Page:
The Ann Cleeves character, Vera Stanhope, wears thick walking sandals, no makeup, and is generally unafraid to take up space. A British police inspector from a shady working class background — her father was a sort of thief — Vera has no husband, no children, and no lover. She eschews aerobics and yoga and “fitness types,” though, at her physician’s urging, she temporarily concedes to sporadically swim laps. As a professional, Vera is a raging success, solving crimes through startling insight and sheer doggedness, despite, or perhaps partly because of, her failure to properly perform femininity.
In this era of renewed, righteous feminist anger, as a serial rapist demagogue smugly barks out misogynistic tweets from the White House, it may seem seem trivial to focus on the style and personality of a fictional female character. But if you don’t mind, I’ll take my feminist heroes where I can get them: in Vera’s casual exploitation of men’s constant tendency to underestimate her, and in her refusal to bat her eyes, slide into grandmotherly invisibility, or be modest about her ambition or prowess as a police detective.
Vera’s clothing style is utilitarian and hurried. Unlike other contemporary mystery heroines, think Kinsey Milhone and V.I. Warshowski, we rarely learn about Vera’s appearance from her own description. This alone is radical. While it is unusual for fictional male detectives to be depicted selecting their clothes — the dandy Poirot is a notable outlier — we are frequently reminded of women detectives’ awareness of how they look to others, especially to men. Further, we are usually assured of their attractiveness to men. The whole effect is to soften and sanitize. She can duke it out with burly diamond smugglers, yes, but she still has sexual, or at least, grandmotherly, appeal.
Only occasionally do we find Vera judging her own appearance from an external point of view. Others’ silent judgements of her are constant, though: her dirty feet and ungainly shoes, her cellulite, her wrinkled skirt. Focused on solving puzzles and catching murderers, Vera is occasionally self-conscious, but largely unaffected, by how others see her. Significantly, it isn’t that she’s unaware of the impression she makes on coworkers, lying witnesses, and poncy higher ups, but it’s pragmatic rather than self-flagellating. She relies heavily on the fact that she will be overlooked, underestimated, and disdained. In fact, Vera’s capacity for objective self-reflection — both about how she looks and her motives — is one of her most attractive and astonishing qualities.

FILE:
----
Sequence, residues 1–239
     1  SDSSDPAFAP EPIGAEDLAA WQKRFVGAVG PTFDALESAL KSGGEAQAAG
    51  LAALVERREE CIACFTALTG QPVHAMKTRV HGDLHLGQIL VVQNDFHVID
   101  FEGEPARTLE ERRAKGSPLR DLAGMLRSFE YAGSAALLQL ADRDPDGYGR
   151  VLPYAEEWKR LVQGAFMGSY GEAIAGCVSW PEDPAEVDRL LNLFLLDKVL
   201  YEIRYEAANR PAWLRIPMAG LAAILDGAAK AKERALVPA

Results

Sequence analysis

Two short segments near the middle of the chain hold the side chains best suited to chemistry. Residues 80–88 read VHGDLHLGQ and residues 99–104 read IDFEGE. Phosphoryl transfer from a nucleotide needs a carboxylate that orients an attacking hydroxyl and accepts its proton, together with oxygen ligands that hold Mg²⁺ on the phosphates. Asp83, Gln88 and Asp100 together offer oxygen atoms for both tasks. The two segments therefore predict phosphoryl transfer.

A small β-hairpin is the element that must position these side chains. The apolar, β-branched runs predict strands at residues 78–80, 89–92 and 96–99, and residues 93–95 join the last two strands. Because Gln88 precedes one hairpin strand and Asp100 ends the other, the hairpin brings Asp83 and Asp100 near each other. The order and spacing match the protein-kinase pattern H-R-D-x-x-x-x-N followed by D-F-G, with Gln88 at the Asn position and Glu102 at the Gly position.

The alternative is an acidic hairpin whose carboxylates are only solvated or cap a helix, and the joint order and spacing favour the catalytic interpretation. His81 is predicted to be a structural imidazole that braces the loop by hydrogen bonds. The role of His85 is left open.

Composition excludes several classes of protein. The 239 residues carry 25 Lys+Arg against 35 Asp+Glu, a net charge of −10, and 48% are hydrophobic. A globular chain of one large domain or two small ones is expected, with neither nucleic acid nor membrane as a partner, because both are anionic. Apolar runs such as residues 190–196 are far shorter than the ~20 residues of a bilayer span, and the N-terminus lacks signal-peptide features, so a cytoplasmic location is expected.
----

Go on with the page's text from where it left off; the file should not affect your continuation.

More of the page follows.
Vera’s sensual world, too, is practical rather than decorative. It is one of bacon sandwiches, strong tea with chocolate biscuits, and whiskey. But she has opinions about others’ aesthetic choices — including posh ladies of leisure — and she expresses them silently to amuse herself. If she is a feminist superhero for some of us, maybe it is because she pushes on assertively, knowing she is great at her work, without obsessing over her supposed shortcomings: her weight, her tendency to drink too much, her workaholism. Rumpled and out of breath, Vera is an accomplished middle-aged woman who doesn’t give two figs what we think about how she looks. Frankly, she isn’t asking for others’ opinions about whether or not she’s stylish or “sexy for her age.” Nor, I bet, are you.